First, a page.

Gaudí’s First House – Casa Vicens
I was super excited to learn that Gaudí’s Casa Vicens is now open to the public for tours. Up until a few years ago, it was a private home to the second family to own it (after the Vicens). Now privately owned by a bank it is being run as a museum. The cab driver didn’t understand where we wanted to go, which gives you an idea of just how “new” and unknown this property is today. Located in Gràcia, it was once considered a country house.
We bought tickets online for one of the two daily English-language tours and joined a couple from Hong Kong as we explored the incredible house. A UNESCO World Heritage site, this home reflects so many influences and is a testimonial to Antoni Gaudi’s incredible obsession with details.
Built between 1883-85, the home uses stucco, plaster of Paris, ceramics, iron, wood, and paper mâché in design elements on walls, floors, and ceilings. Nature, as always with Gaudí, was the inspiration for many of the designs, from the chrysanthemums used on tiles to the fan palm design on the fence and gate and the ivy pattern etched into the wall over the dining room fireplace. Color is everywhere and function is never forgotten with external panels that rotate to maximize breezes, areas that can be closed in the colder months and Gaudi’s first accessible rooftop, so charming who wouldn’t want to visit.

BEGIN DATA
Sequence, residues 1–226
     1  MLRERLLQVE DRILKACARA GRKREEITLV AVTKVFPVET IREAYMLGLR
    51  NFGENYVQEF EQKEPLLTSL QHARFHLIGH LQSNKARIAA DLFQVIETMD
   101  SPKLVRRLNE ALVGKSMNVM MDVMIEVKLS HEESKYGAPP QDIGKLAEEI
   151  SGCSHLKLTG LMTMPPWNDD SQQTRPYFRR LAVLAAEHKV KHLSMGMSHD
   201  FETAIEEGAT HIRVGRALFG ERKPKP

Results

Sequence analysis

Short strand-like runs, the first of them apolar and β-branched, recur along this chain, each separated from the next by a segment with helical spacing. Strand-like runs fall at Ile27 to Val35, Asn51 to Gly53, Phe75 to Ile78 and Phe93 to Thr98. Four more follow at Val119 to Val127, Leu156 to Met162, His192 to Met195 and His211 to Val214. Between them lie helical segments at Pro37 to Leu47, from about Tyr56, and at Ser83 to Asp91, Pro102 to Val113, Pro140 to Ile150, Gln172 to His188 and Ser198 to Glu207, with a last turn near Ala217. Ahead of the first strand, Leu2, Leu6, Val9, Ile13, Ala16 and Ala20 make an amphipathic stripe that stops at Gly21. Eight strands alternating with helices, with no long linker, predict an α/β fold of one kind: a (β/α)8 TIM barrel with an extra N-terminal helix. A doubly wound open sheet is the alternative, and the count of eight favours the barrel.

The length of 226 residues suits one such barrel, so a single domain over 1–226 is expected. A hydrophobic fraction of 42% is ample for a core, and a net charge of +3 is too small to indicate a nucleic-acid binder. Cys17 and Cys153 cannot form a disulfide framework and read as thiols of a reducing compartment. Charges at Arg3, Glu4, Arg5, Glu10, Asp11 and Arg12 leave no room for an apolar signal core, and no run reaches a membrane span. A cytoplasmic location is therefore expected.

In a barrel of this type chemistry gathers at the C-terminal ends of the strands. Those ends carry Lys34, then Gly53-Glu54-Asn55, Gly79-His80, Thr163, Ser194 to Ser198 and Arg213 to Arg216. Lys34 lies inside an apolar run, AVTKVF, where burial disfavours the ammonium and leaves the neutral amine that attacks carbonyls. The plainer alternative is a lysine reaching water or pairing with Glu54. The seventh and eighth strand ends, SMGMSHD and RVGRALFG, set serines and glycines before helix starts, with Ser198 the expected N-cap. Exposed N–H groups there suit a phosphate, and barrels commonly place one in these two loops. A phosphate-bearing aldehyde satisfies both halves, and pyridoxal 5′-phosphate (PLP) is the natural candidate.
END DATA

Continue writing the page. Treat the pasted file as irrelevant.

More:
A portion of the property had been added in an expansion that Gaudí had approved in 1925, and that area, as well as the attic, are now used for exhibits explaining worldwide residential architecture of the era, details of the workmanship in the home, and the former uniquely landscaped gardens long lost to the sell-off of the surrounding land. The original kitchen was housed in the basement, now repurposed as an eclectic gift shop and the outside features a small café.
Add it to your list of ‘must-see while in Barcelona’.